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An Interview with Monika Orski (Part Two)














Interviewer: Scott Douglas Jacobsen

Numbering: Issue 18.A, Idea: Outliers & Outsiders (Part Fourteen)

Place of Publication: Langley, British Columbia, Canada

Title: In-Sight: Independent Interview-Based Journal

Web Domain:

Individual Publication Date: September 1, 2018

Issue Publication Date: January 1, 2019

Name of Publisher: In-Sight Publishing

Frequency: Three Times Per Year

Words: 2,391

ISSN 2369-6885


Monika Orski is the Ordförande/Chairman, Mensa Sverige/Mensa Sweden. She discusses: books by Orski and their contents; the reason for the topics in the texts; membership of Mensa Sweden; demographics; Mensa groups associated with Mensa Sweden; provisions of Mensa Sweden for its members; average standard deviation IQ score of the membership; the relationship between Mensa at 2-sigma and other high-IQ groups at 3-sigma and 4-sigma; the identification, education, and utilization of the young gifted and talented population; programs in the advanced industrial economies; some informal education and practical life skills the gifted and talent should acquire if they wish to pursue a life in writing; and some prominent cases of when a known highly gifted person went wrong, e.g. antisocial, violent, and so on.

Keywords: chairman, Mensa Sverige, Mensa Sweden, Monika Orski, Ordförande.

An Interview with Monika Orski: Ordförande/Chairman, Mensa Sverige/Mensa Sweden (Part Two)[1],[2]

*Please see the footnotes, bibliography, and citation style listing after the interview.*

1. Scott Douglas Jacobsen: What have been the books written by you? What topics tend to be the focus for you?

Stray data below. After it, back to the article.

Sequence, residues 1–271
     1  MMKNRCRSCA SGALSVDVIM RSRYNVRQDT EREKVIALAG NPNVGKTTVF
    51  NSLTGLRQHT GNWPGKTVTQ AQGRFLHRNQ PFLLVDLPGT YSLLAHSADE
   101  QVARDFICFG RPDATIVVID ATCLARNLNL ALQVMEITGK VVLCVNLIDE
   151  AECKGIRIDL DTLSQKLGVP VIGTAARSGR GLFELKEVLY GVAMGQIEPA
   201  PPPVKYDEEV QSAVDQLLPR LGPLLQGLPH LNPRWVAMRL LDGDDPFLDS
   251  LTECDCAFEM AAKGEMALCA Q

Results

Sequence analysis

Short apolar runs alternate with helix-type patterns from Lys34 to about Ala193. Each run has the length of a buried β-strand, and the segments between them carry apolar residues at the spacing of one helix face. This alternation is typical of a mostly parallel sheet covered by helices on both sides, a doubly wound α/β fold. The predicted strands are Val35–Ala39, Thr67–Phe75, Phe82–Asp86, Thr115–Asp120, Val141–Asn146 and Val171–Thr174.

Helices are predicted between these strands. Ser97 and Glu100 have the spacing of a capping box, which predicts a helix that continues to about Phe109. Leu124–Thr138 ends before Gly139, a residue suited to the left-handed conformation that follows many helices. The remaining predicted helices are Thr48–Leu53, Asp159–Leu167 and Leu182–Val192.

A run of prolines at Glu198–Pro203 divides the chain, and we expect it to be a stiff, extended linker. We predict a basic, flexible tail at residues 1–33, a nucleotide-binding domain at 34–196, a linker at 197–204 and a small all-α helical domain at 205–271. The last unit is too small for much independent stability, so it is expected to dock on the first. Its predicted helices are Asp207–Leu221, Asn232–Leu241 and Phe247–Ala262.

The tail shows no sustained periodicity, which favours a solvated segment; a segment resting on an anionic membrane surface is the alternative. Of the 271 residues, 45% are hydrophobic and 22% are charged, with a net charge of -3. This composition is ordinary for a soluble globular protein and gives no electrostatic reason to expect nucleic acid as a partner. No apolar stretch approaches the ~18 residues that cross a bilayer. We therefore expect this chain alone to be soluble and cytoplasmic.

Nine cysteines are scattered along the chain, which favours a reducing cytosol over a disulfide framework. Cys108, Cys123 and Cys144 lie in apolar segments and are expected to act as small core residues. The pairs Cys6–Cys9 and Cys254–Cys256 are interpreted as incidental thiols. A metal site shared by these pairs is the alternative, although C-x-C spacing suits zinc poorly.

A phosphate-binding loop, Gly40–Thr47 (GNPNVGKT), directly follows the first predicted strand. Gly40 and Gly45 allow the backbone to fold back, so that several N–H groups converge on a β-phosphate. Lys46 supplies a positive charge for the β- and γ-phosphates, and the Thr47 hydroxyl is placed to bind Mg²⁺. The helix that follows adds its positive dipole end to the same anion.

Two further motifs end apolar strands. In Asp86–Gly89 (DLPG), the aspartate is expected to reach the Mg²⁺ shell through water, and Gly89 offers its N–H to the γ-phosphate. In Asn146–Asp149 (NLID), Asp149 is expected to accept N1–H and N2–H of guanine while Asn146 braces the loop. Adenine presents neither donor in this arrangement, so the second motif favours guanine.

Monika Orski: In this area, I am a typical mensan, in that my activity is diverse. This far I have published three books, each of them very different from the others.

My first book, in 2007, is an introduction to open source software. There was no such book in Swedish, and I saw a need for it, as part of my computer systems related consulting work.

The second book, in 2011, is a young adults novel. It tells a story of friendship, incipient romantic interests, and mental illness. When it was published, I often got the question whether it’s autobiographic. It is not.

The third and most recent book is a collection of short stories, published in 2017 but written over many years. The short stories are partially intertwined, with most of the main characters part of a Jewish family in Stockholm, Warsaw and Jerusalem. Again, I often get the question if it’s autobiographic. It is not, but of course I have used settings I am familiar with, and in part processed stories I have heard.

If things turn out according to plan, there will be a fourth book published next year, 2019. This time around I go back to nonfiction, for a book on leadership of the highly gifted, largely based on my Mensa experience.

2. Jacobsen: Also, why those topics for the texts?